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U.S. constitutional law, proportionality, and the global model

Moller, Kai (2016) U.S. constitutional law, proportionality, and the global model. LSE Law, Society and Economy Working Papers (06/2016). London School of Economics and Political Science, Department of Law, London, UK.

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Abstract

Following the global success of the principle of proportionality in human and constitutional rights adjudication, there is now an emerging debate among academics and judges in the United States as to whether proportionality ought to be introduced into U.S. constitutional law. My goal in this paper is to correct what I see as a misleading simplification in this discussion, namely the view that the United States could introduce proportionality while leaving the other features and characteristics of its constitutional rights jurisprudence intact. I argue that if proportionality is adopted, coherence requires that the other features of what in previous work I have labelled “the global model of constitutional rights” be embraced as well: rights inflation, positive obligations, socio-economic rights, and horizontal effect. Thus, proportionality is not just an isolated standard of review but part and parcel of a conception of rights that must be adopted or rejected as a whole.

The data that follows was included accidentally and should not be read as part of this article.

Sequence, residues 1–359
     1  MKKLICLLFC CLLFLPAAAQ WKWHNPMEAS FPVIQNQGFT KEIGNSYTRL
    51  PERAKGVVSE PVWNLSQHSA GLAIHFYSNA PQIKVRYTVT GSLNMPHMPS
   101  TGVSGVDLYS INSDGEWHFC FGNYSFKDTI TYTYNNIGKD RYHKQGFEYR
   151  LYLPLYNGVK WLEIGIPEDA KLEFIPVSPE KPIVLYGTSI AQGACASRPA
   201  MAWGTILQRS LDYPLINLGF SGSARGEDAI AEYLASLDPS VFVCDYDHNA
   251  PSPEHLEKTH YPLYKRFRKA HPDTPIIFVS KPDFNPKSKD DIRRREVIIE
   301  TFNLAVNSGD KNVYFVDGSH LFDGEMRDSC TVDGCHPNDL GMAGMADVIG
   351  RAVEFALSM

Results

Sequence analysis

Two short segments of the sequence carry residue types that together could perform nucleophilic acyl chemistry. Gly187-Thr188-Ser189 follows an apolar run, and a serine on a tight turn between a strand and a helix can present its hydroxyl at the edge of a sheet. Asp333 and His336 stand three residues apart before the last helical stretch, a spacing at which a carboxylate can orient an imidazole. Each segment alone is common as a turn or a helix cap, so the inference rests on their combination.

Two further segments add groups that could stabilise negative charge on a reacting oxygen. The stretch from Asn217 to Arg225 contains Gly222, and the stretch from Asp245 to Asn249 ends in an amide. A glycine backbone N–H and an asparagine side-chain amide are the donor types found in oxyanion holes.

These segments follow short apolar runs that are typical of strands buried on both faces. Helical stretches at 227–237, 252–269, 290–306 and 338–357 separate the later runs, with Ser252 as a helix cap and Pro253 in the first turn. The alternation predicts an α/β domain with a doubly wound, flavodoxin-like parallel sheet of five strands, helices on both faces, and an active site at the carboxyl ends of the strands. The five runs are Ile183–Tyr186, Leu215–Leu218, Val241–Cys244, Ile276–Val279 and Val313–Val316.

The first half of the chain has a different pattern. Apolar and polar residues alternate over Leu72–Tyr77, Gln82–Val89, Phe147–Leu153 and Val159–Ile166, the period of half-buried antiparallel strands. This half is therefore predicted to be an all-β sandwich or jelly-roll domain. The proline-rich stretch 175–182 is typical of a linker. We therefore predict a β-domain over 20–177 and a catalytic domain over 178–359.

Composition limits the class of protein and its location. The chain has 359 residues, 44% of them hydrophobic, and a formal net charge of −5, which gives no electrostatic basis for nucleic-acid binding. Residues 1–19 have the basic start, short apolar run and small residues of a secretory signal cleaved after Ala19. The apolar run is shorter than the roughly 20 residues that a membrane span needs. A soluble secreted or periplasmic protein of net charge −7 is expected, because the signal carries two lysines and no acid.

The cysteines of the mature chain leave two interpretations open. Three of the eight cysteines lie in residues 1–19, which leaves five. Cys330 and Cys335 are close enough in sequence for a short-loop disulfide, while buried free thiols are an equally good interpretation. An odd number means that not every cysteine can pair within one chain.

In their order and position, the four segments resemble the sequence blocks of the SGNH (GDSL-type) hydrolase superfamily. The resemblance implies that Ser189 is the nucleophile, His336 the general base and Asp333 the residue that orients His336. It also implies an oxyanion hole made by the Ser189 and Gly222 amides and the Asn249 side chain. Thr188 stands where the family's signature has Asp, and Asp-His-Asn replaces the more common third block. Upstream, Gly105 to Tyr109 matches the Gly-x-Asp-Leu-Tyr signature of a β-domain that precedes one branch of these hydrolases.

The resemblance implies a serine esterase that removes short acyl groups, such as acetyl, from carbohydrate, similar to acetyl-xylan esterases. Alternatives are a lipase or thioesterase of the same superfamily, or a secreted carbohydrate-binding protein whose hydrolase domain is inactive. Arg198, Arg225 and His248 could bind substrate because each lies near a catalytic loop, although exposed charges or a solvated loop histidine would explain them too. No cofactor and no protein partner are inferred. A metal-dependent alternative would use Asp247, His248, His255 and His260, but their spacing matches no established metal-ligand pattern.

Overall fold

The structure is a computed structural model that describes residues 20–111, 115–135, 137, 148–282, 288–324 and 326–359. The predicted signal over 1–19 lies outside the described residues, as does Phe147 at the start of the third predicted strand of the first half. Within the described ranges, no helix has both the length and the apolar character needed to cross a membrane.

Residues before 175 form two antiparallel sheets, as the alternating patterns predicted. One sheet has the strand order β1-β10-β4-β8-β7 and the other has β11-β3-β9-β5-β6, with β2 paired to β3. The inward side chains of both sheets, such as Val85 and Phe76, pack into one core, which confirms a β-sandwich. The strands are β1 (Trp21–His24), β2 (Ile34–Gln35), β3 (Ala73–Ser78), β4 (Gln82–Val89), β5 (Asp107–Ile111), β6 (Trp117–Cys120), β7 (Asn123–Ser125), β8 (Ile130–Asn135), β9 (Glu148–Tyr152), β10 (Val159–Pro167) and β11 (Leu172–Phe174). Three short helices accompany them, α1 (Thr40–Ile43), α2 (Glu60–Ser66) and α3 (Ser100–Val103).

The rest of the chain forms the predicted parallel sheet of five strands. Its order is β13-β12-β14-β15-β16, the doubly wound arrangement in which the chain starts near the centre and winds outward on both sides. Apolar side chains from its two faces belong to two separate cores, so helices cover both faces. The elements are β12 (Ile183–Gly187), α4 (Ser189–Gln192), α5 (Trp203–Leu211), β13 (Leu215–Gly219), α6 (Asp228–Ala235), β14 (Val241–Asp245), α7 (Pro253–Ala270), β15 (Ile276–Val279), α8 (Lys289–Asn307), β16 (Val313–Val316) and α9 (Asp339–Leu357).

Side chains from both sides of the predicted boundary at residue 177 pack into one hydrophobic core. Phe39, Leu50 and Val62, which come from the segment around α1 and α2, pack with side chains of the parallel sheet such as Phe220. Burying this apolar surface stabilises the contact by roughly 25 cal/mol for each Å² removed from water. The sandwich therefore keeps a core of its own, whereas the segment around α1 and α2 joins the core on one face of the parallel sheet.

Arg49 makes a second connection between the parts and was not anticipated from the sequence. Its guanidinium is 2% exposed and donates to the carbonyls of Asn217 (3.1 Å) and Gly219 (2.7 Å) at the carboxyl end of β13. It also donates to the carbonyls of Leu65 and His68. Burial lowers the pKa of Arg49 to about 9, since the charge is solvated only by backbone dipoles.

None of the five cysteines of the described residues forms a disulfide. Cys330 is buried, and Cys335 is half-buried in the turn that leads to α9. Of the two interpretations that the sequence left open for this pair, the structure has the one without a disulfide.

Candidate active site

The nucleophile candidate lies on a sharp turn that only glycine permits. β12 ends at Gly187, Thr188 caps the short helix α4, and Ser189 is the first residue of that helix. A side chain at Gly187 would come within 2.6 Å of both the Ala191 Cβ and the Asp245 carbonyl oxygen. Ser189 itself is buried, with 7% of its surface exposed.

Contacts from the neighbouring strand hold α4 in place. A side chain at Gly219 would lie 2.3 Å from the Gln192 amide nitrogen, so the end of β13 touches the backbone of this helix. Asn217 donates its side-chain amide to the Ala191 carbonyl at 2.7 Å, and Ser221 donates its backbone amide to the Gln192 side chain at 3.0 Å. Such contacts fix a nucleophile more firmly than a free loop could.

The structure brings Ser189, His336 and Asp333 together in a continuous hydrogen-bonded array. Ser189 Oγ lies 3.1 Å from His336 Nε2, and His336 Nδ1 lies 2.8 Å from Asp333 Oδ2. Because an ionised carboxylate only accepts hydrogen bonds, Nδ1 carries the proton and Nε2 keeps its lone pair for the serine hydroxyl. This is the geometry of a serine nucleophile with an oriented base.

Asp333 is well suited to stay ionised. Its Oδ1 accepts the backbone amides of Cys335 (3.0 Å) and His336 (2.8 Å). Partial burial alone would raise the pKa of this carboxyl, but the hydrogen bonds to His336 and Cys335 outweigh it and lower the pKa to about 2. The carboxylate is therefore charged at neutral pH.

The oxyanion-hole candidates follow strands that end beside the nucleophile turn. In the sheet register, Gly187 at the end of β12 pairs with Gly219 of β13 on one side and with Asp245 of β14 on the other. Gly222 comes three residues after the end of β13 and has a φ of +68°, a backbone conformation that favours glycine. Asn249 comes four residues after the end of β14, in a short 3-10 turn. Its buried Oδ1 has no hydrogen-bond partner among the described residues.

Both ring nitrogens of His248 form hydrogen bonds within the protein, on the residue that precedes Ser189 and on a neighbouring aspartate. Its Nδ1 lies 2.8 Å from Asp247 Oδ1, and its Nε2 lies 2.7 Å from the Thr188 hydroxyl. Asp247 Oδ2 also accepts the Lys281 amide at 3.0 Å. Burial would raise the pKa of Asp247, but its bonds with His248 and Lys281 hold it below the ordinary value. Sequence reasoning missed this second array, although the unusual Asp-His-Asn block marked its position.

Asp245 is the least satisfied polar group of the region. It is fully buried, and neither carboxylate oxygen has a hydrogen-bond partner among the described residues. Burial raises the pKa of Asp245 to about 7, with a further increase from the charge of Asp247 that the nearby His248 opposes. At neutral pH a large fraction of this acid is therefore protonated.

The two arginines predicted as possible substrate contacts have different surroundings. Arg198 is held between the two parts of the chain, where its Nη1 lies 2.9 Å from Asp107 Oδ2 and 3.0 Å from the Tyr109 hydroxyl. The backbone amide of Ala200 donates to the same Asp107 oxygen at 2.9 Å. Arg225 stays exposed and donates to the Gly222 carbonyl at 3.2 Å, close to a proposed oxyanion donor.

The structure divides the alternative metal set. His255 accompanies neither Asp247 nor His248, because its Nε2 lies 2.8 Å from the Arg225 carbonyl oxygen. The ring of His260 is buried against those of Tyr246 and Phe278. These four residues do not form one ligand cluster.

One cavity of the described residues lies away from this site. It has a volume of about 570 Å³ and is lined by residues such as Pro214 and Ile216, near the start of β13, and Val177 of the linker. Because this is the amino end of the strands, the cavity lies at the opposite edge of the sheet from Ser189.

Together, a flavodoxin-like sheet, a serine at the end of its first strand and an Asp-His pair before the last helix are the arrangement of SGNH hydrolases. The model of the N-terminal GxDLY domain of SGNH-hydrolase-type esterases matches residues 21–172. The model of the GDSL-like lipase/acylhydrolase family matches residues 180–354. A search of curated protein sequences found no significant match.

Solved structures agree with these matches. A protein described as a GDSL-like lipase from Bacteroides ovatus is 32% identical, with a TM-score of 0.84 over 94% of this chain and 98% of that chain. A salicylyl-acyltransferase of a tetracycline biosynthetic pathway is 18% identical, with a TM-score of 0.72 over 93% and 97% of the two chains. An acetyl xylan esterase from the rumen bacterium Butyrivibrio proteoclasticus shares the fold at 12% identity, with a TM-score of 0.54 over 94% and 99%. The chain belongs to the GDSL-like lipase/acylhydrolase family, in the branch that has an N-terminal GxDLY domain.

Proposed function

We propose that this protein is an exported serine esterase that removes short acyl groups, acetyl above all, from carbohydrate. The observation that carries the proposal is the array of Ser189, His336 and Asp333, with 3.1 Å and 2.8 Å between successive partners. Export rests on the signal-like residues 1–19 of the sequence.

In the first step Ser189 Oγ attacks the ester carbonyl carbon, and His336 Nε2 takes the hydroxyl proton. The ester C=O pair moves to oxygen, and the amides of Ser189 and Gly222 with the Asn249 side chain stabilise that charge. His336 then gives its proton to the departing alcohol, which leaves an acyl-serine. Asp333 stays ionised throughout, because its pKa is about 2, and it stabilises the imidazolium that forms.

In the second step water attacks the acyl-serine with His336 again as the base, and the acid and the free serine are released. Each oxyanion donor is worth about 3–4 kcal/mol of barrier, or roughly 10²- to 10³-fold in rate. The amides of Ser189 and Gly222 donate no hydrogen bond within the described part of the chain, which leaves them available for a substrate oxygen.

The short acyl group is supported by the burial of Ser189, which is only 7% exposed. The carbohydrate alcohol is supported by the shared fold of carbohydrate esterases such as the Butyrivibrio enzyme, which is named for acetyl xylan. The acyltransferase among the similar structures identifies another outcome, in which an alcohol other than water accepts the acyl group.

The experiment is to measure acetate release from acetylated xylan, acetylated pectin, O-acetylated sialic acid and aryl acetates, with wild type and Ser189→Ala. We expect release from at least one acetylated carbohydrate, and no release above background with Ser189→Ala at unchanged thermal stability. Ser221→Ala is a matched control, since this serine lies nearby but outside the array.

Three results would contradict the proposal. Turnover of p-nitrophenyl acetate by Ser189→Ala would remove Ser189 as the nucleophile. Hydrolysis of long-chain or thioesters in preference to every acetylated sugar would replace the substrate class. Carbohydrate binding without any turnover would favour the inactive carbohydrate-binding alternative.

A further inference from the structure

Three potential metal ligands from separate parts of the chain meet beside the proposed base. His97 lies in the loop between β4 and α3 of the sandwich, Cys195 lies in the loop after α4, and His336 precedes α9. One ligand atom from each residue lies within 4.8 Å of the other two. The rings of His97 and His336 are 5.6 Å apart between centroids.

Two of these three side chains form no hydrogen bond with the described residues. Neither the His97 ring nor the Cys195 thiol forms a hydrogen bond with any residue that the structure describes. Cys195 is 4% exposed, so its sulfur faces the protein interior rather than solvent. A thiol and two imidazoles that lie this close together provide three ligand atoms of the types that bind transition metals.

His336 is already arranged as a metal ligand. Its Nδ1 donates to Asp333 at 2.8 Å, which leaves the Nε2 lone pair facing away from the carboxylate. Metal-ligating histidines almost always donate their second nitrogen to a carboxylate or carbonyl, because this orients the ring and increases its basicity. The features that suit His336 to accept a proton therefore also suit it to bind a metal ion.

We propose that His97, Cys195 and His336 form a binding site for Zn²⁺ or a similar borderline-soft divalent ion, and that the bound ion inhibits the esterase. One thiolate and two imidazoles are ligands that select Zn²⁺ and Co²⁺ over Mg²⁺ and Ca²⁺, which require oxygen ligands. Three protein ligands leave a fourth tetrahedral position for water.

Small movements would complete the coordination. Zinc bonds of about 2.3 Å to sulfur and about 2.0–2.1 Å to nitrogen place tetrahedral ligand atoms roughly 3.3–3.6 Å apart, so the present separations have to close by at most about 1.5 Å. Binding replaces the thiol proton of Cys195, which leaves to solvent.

Item Type: Monograph (Working Paper)
Official URL: http://papers.ssrn.com/
Additional Information: © 2016 The Author
Divisions: Law
Subjects: H Social Sciences > HN Social history and conditions. Social problems. Social reform
K Law > K Law (General)
Sets: Departments > Law
Date Deposited: 20 May 2016 14:00
Last Modified: 07 Sep 2020 23:06
URI: http://eprints.lse.ac.uk/id/eprint/66571

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